The Liberty & Law Center is cohosting "A Conversation with Judge Sutton" with the Federalist Society on September 19. Contact liberty@gmu.edu for more information.

Learn more about the Liberty & Law Center.


Josh Wright

University Professor Joshua D. Wright, JD, PhD
Executive Director
Global Antitrust Institute

The Global Antitrust Institute (GAI) was founded in 2013 as an LEC program by Senior Court Circuit Judge Douglas H. Ginsburg (Senior Status, DC Circuit) and Professor Bruce Kobayashi (currently, Director of the Bureau of Economics at the FTC). The GAI spun off from the LEC in 2015 when Professor Joshua Wright returned to Scalia Law after two-and-a-half years as a Commissioner of the Federal Trade Commission. Current GAI Programs include: Economics Institute for Competition Judges, Economics Institute for Competition Enforcement Officials, and Competition Advocacy Programs.

How does your Center intersect with the federal government and/or the private sector?

The GAI was founded to promote the application of sound economic analysis to competition enforcement around the world as well as in the United States. With our economics institutes, competition advocacy, policy briefings, academic research, and domestic programs, the GAI promotes academic leadership and engages regularly with federal agencies as well as antitrust practitioners and scholars.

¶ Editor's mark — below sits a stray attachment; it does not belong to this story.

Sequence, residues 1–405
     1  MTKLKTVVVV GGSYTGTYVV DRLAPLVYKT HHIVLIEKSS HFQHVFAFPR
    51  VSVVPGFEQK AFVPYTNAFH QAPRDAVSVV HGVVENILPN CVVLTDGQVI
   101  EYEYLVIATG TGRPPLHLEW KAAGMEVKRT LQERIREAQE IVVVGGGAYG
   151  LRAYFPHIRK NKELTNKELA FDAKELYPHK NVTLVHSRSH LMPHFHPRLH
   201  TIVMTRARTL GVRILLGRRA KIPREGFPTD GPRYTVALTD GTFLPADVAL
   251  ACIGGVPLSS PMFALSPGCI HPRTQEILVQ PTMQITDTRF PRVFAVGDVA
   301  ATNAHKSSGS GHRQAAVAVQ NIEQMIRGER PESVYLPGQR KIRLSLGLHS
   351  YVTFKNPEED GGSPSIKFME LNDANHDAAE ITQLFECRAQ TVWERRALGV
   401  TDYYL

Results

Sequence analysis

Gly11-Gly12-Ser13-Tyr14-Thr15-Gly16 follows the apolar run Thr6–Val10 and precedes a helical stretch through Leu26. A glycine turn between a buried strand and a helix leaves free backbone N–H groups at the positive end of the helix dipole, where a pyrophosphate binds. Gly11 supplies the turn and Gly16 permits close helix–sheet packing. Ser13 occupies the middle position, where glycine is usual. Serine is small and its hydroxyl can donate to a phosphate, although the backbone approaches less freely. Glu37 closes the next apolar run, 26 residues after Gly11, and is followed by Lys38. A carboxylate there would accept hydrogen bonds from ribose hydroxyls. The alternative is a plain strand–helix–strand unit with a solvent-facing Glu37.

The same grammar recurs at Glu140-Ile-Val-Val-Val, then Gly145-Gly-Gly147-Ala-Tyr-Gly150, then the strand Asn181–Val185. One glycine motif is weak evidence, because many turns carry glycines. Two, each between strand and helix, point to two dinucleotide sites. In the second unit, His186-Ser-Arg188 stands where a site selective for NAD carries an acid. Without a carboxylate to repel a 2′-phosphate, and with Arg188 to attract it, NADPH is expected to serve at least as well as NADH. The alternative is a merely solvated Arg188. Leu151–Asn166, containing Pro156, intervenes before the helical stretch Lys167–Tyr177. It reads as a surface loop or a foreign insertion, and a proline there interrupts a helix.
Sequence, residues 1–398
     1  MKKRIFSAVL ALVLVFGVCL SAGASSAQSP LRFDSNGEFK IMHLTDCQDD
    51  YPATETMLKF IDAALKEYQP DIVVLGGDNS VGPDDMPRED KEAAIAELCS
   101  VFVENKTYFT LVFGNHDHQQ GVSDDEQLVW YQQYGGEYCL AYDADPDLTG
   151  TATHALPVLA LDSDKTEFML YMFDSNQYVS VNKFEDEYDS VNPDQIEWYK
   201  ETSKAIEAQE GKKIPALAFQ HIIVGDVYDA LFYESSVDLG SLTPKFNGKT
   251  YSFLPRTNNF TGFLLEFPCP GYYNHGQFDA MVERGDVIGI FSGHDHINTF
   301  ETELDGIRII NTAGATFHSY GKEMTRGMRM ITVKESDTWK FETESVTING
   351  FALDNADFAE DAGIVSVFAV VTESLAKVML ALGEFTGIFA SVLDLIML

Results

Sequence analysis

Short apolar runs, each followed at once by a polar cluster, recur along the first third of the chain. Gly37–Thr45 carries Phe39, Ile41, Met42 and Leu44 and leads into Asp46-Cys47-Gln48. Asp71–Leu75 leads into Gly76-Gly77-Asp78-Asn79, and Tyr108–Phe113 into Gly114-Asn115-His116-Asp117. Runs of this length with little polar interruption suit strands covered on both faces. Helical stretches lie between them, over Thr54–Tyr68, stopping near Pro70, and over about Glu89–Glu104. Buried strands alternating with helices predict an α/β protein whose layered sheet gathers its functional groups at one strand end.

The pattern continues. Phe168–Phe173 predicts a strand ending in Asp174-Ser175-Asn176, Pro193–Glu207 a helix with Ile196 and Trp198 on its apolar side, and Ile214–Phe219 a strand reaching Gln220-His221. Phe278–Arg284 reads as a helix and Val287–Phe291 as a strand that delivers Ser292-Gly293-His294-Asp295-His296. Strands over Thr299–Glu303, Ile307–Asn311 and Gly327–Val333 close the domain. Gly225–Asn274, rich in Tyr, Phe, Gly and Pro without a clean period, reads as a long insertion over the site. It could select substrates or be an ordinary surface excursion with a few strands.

What are some examples of the Center’s work?

In spring 2019 our team including Professors Joshua D. Wright, Bruce Kobayashi, John M. Yun, and Judge Douglas H. Ginsburg traveled to Lisbon, Portugal for the GAI’s Economics Institute for Competition Law Judges. The GAI hosted 24 competition law judges from the European Union, the United States, and Brazil.

Also in spring 2019, the GAI hosted a conversation with Associate Justice Neil M. Gorsuch and Senior Circuit Court Judge Douglas H. Ginsburg, followed by a panel discussion on Antitrust and Digital Platforms Around the World. Panelists included the Deputy Assistant Attorney General, U.S. Department of Justice (DOJ), Antitrust Division, as well as top foreign antitrust officials. The event was well-attended, including federal enforcers and antitrust practitioners from around the world, as well as Scalia Law students.

How do Scalia Law students benefit from the work of your Center?

Scalia Law students are deeply integrated into the work done by the GAI in a variety of ways. Students work with the GAI Competition Advocacy Program to research and develop advocacy comments submitted to domestic and foreign competition agencies. The students also support GAI’s work through research for academic projects. The GAI also co-sponsors a number of events run by Scalia Law students, including the Annual GAI Invitation Moot Court Competition, which is the only moot court competition in the U.S. devoted exclusively to antitrust law. We also co-sponsor the Annual Antitrust Symposium with the George Mason Law Review.